The Ultimate Glossary of Sustainability Terms and Buzzwords – Part 4
If you haven’t kicked off your sustainability work for the fall already, here comes some inspiration for getting started. Whether you’re new to the sustainability-scene or it’s an old pal of yours, we have the glossary of your dreams equipped with the vital acronyms, abbreviations and expressions in one handy go-to guide to get you up to speed with your sustainability-lingo.
Continuing our series on the most essential buzzwords in sustainability, we have cherry-picked some of the most used terms to get acquainted with below.
Read our seven top tips or download and share the full 2020 edition of our buzzword-guide here.
Get sustainability-savvy with these 7 essentials
Climate Neutral Now
Achieving net zero carbon emissions by balancing carbon emitted with an equivalent amount sequestered or offset, or buying enough carbon credits to make up the difference. Further reading: UNFCCC
TheEU Taxonomywas established in 2018 by the European Commission to help facilitate Europe’s move to net-zero carbon emissions by 2050, as well as combat climate change in the long-term. In March 2020, the initiative was updated, aiming to help companies access green financing to improve environmental performance. The EU Taxonomy aims “to help investors, companies, issuers and project promoters navigate the transition to a low carbon, resilient and resource-efficient economy.” Further reading: Summary of the EU Taxonomy 2020
Global Reporting Initiative (GRI)
GRI is an independent international organization that has pioneered sustainability reporting since 1997. GRI helps businesses and governments worldwide understand and communicate their impact on critical sustainability issues such as climate change, human rights, governance and social well-being. Further reading: Global Reporting Initiative
The world’s stock of natural assets, including geology, soil, air, water and all living things.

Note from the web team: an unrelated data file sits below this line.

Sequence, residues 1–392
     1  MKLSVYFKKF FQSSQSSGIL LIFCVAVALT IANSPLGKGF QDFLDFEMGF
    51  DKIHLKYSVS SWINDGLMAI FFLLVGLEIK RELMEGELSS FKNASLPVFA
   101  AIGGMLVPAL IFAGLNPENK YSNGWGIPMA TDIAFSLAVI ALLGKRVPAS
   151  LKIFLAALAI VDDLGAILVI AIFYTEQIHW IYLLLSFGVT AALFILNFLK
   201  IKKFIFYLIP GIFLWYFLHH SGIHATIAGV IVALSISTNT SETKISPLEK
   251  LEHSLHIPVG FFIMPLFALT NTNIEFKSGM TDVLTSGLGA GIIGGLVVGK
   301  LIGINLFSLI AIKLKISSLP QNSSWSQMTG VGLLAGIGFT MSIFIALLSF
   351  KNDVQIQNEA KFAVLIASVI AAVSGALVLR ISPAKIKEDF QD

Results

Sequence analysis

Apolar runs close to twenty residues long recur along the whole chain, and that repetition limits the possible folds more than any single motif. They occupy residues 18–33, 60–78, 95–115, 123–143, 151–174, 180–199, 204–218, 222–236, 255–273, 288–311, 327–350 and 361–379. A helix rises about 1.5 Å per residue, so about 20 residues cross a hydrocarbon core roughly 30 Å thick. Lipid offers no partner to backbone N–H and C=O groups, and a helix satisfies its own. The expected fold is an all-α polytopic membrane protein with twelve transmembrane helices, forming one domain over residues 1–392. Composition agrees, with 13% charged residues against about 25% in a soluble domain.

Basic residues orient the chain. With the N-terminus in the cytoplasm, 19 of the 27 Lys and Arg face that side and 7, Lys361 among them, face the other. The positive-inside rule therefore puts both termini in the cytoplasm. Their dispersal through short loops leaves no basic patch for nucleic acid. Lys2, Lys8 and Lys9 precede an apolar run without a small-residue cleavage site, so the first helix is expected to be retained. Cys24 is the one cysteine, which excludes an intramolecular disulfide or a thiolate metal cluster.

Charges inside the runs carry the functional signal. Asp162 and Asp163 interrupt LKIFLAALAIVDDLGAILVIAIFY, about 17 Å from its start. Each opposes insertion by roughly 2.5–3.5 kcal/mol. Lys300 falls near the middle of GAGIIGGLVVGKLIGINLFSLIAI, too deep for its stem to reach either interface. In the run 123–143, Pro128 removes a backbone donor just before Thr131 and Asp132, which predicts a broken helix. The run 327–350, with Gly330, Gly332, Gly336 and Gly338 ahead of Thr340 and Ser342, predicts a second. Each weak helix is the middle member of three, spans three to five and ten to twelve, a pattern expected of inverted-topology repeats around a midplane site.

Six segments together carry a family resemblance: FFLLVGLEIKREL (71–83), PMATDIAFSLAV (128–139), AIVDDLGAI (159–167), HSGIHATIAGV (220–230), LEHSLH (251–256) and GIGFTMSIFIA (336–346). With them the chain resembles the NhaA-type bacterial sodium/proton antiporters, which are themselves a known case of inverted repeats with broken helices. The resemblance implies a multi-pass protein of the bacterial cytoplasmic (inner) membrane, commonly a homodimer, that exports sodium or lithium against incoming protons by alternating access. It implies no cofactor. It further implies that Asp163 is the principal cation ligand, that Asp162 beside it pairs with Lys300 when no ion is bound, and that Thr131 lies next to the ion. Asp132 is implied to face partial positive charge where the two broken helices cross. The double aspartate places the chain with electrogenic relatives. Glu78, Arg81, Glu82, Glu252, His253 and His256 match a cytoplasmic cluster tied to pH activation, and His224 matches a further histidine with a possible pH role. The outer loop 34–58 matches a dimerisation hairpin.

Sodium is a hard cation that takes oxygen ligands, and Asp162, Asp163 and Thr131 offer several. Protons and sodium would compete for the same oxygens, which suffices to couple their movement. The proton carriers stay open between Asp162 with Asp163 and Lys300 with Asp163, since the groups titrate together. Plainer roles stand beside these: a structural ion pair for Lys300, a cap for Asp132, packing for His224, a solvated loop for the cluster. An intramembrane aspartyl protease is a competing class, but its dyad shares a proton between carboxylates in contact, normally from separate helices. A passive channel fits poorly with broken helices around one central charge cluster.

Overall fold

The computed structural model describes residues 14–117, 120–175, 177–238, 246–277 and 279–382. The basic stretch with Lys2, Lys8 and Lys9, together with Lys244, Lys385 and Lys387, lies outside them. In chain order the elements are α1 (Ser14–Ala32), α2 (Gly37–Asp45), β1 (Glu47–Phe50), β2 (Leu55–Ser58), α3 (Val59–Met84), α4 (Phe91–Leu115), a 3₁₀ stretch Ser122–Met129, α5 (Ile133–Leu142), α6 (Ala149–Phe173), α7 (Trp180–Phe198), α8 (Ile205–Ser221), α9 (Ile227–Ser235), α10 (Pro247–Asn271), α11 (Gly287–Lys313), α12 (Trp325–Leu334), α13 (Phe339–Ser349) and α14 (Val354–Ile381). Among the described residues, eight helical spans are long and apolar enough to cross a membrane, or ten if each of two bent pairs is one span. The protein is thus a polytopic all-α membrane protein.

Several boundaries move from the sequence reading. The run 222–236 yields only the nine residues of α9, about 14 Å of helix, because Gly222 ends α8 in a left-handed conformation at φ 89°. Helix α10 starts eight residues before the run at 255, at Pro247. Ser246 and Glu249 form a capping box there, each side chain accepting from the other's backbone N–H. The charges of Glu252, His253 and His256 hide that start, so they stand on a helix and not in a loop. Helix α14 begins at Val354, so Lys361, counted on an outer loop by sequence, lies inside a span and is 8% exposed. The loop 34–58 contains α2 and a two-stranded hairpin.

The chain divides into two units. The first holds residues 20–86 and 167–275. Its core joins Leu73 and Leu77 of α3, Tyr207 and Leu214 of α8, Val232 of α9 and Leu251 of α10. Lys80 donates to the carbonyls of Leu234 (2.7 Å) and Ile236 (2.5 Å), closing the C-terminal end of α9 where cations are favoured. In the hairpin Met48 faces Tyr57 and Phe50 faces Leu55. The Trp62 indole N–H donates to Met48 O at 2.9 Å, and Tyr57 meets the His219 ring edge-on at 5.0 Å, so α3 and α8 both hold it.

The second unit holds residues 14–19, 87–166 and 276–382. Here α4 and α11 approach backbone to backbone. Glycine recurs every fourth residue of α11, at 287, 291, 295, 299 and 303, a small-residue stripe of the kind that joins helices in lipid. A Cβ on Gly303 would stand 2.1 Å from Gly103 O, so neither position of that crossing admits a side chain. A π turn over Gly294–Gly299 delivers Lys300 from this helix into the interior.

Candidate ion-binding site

Repurposing what was once considered a waste material into a new resource for a product, service or process. Rematerialization is part of a thesis that a ‘de-linking’ occurs between materials use and economic growth during economic development (the so-called ‘dematerialization hypothesis’). Dematerialization is not a persistent trend in industrialized economies, but occurs during periods of rapid structural and technological change. Evidence suggests that periods of ‘rematerialization’, when materials use is re-linked with economic growth, follow periods of dematerialization. Further reading: Dematerialization and rematerialization
Science Based Targets
Science Based Targets is a joint initiative of CDP, the UN Global Compact (UNGC), the World Resources Institute (WRI) and WWF. Our goal is to enable leading companies setting ambitious and meaningful corporate GHG reduction targets. Targets adopted by companies to reduce GHG emissions are considered “science-based” if they are in line with the level of decarbonization required to keep global temperature increase below 2°C compared to preindustrial temperatures, as described in the Fifth Assessment Report of the Intergovernmental Panel on Climate Change (IPCC). Further reading: Science Based Targets
Upcycling, also known as creative reuse, is the process of transforming byproducts, waste materials, useless, or unwanted products into new materials or products of better quality or for better environmental value. Upcycling is the opposite of downcycling, which is the other face of the recycling process.